Almost all low-income countries and many middle-income countries lack the capacity to deliver medical genetics services. We developed the MiGene Family History App (MFHA), which assists doctors with family history collection and population-level epidemiologic analysis. The MFHA was studied at St. Paul’s Hospital in Addis Ababa, Ethiopia.
A needs assessment was used to assess Ethiopian physicians’ experience with genetics services. The MFHA then collected patient data over a 6-month period.
The majority of doctors provide genetics services, with only 16% reporting their genetics knowledge is sufficient. A total of 1699 patients from the pediatric ward (n = 367), neonatal intensive care unit (NICU) (n = 477), and antenatal clinic (n = 855) were collected using the MFHA with a 4% incidence of a MFHA-screened condition present. The incidence was 11.7% in the pediatric ward, 3% in the NICU, and 0.5% in the antenatal clinic. Heart malformations (5.5% of patients) and trisomy 21 (4.4% of patients) were the most common conditions in the pediatric ward.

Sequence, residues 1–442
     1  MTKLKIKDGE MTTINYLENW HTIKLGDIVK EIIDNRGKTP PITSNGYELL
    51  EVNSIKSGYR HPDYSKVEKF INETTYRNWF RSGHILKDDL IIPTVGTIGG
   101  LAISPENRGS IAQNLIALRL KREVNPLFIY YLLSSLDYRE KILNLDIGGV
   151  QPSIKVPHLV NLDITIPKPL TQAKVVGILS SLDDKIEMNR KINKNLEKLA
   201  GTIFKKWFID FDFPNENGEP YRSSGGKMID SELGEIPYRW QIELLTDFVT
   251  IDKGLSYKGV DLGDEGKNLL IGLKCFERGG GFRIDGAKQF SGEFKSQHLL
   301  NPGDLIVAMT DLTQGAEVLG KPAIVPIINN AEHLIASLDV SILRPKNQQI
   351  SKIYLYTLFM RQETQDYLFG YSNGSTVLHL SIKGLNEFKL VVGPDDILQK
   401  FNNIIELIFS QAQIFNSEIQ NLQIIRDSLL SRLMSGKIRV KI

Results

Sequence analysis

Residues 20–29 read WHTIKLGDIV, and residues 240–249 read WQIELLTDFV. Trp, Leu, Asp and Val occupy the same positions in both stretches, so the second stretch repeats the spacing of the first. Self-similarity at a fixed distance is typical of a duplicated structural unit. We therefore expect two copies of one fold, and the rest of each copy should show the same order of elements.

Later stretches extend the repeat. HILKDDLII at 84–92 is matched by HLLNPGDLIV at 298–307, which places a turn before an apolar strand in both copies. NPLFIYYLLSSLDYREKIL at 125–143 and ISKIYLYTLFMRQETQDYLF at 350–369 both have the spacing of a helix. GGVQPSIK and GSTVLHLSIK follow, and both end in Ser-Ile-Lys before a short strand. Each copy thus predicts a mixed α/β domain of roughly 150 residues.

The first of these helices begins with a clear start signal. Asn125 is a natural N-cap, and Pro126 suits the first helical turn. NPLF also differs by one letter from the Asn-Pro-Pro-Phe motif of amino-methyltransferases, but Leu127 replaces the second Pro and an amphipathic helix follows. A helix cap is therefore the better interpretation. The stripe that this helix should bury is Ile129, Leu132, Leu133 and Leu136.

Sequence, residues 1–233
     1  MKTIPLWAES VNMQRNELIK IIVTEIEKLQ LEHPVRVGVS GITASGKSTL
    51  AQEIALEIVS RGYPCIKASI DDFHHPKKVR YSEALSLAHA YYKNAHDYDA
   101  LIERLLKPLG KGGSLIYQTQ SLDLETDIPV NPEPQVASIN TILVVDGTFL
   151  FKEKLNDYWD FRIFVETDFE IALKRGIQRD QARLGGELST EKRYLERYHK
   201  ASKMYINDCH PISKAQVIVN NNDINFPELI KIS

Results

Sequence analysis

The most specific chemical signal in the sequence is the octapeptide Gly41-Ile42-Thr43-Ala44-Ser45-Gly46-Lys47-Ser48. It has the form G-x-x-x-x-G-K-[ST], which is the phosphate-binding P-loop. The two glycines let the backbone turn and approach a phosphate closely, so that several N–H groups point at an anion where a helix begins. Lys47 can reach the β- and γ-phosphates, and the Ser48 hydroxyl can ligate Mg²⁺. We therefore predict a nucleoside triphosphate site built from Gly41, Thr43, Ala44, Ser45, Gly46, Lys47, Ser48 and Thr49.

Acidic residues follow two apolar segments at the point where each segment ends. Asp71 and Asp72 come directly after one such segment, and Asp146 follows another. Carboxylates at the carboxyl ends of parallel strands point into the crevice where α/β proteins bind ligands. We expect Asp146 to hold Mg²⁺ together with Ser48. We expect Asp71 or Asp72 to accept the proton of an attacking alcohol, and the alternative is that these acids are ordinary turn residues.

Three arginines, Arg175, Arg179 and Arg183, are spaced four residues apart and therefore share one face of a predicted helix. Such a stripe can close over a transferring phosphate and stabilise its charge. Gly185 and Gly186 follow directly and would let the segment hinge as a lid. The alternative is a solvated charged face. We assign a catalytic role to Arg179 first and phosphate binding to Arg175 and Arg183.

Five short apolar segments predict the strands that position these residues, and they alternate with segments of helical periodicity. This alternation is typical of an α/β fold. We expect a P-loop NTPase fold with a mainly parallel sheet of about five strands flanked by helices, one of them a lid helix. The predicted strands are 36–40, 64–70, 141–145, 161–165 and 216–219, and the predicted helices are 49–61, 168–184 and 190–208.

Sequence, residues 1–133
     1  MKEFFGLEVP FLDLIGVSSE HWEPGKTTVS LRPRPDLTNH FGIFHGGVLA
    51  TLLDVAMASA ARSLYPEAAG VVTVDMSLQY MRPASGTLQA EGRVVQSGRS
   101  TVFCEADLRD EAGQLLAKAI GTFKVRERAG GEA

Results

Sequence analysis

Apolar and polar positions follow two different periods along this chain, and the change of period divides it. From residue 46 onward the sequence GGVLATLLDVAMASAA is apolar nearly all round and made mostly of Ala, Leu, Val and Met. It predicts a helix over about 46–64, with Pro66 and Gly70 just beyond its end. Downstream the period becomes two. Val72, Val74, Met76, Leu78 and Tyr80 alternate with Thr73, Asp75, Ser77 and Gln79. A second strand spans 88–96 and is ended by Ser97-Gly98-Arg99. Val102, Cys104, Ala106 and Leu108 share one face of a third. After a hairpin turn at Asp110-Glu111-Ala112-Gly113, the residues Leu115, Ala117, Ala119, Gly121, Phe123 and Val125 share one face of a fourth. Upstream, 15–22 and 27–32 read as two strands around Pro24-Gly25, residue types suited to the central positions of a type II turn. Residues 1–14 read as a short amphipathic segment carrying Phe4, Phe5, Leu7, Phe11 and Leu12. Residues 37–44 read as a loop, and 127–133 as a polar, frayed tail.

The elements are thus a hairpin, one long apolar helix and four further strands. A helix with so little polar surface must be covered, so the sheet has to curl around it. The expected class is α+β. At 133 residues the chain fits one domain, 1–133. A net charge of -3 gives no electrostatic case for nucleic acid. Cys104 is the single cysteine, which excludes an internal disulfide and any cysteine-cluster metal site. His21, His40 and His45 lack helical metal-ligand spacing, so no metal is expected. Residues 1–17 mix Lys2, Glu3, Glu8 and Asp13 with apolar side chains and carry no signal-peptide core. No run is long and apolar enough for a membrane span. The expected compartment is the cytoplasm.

Medical genetics services are needed in Ethiopia. As other countries increase their genetics capacity, the MFHA can provide fundamental genetics services and collect necessary epidemiologic data.
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This work was funded by grants from the University of Michigan Department of Pediatrics including the Intramural Research Funding Program (Benz Birth Defects Research Award) and the Percy and Mary Murphy Children’s Research Fund.
The authors declare no conflicts of interest.